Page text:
I would also like to offer you a sincere apology.  I received a number of emails after last week’s On My Radar from some justifiably upset friends.  I shared a Bloomberg article/video link that featured Stan Druckenmiller (famed hedge fund manager and former chief strategist for George Soros) titled “Druckenmiller Sees Storm Worse Than ’08 as Retirees Steal”.

Stan talked about our seniors stealing from our young people and went on to share some of the math behind the demographic crisis that lies ahead.  While the crisis is real, I don’t believe that throwing the seniors, who have paid into the system for years, under the bus was the right approach.  Frankly, I’m not sure if he intended to strike out at seniors or if in a short interview just focused on quick sound bites.  Either way, it came across that way.

I believe his intent was to wake us up to the crisis ahead; however, I’m sorry that by extension, if in any way, I offended you.  That certainly is not my way.  As I read the Bloomberg piece, I gave little attention to his comment and focused on the bigger issue ahead.  To which end I agree.  My baby boom generation is aging and last I remember, we represent two-thirds of the U.S. population.  There is not enough money, nor will there be enough workers paying into the system, to cover the entitlement promises given to us.  The math simply will not work.  The imbalances are too great – one way or another something will give.

On a better note, I just returned from Bend, Oregon where I and my senior team spent four days in strategic planning with my personal business coach, Jim Ruff.  Jim is happily retired from Oppenheimer Funds and has grown to be a great friend.  We skied, huddled for hours in a closed board room, ate well and had some terrific beers.  The micro brewery business is alive and well in Bend.

As I set business and personal goals and think about them often, Jim frequently comes to mind as a wonderful example of how to continually create great things and, most importantly, how to celebrate life to its fullest.  Jim, I’m raising my Crux IPA to simply say how grateful I am.

Bend, Oregon is spectacular – look it up and go for a visit.      

Video Links, articles and charts:

Here is a link to an important 9:11 minute video clip from CNBC this past week.  Well worth the review.  Ken Langone, co-founder of Home Depot; Stanley Druckenmiller, former chairman & CEO of Duquesne Capital Management; Kevin Warsh, Hoover Institution and Geoffrey Canada, Harlem Children’s Zone CEO, share their strategies on investing for the future.

Note: I have posted a number of articles and video links on this subject up on our web site as well as the above demographic chart and a powerful chart showing 10-year forward expected 60/40 returns.  Here is the link: http://www.cmgwealth.com/research-insight/  click on the News link.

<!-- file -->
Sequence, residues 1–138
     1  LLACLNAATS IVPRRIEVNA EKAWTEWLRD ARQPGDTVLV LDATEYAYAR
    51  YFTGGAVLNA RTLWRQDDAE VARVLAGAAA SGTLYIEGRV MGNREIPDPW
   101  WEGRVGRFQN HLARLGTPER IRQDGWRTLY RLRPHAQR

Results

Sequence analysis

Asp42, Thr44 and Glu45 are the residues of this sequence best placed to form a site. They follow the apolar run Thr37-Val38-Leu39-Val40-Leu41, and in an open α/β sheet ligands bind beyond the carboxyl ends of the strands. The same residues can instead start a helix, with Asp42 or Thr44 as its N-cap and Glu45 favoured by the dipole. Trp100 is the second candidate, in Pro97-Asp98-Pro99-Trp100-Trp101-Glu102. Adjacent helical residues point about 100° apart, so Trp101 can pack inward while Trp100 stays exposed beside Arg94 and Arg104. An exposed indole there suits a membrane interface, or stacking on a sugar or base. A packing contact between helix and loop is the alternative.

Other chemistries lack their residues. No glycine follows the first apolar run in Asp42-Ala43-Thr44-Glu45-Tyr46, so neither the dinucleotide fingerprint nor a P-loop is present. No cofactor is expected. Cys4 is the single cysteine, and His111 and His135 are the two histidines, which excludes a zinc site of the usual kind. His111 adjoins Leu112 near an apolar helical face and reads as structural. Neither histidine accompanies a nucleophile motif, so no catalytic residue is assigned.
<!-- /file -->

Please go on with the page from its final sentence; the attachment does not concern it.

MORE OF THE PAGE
If you have any questions or comments, please feel free to email info@cmgwealth.com or simply reply to this email.  Wishing you the very best.

With kind regards,

Steve

Stephen B. Blumenthal
Founder & CEO
CMG Capital Management Group, Inc.
Suburban Philadelphia
1000 Continental Drive, Suite 570
King of Prussia, PA 19406
steve@cmgwealth.com
610-989-9090 Phone
610-989-9092 Fax

Quote sources:

1)       http://www.msnbc.msn.com/id/27335454/ns/business-stocks_and_economy/t/greenspan
2)       http://www.ft.com/intl/cms/s/0/ebfb0d8e-32eb-11df-bf5f-00144feabdc0.html#axzz2IiLVLuO2.
3)       http://www.reuters.com/article/2013/01/18/us-usa-fed-idUSBRE90H13Q20130118
4)       http://en.wikiquote.org/wiki/Alan_Greenspan
5)       http://en.wikiquote.org/wiki/Alan_Greenspan


IMPORTANT DISCLOSURE INFORMATION

Please remember that past performance may not be indicative of future results. Different types of investments involve varying degrees of risk.   Therefore, it should not be assumed that future performance of any specific investment or investment strategy (including the investments and/or investment strategies recommended and/or undertaken by CMG Capital Management Group, Inc (or any of its related entities-together “CMG”) will be profitable, equal any historical performance level(s), be suitable for your portfolio or individual situation, or prove successful. No portion of the content should be construed as an offer or solicitation for the purchase or sale of any security. References to specific securities, investment programs or funds are for illustrative purposes only and are not intended to be, and should not be interpreted as recommendations to purchase or sell such securities.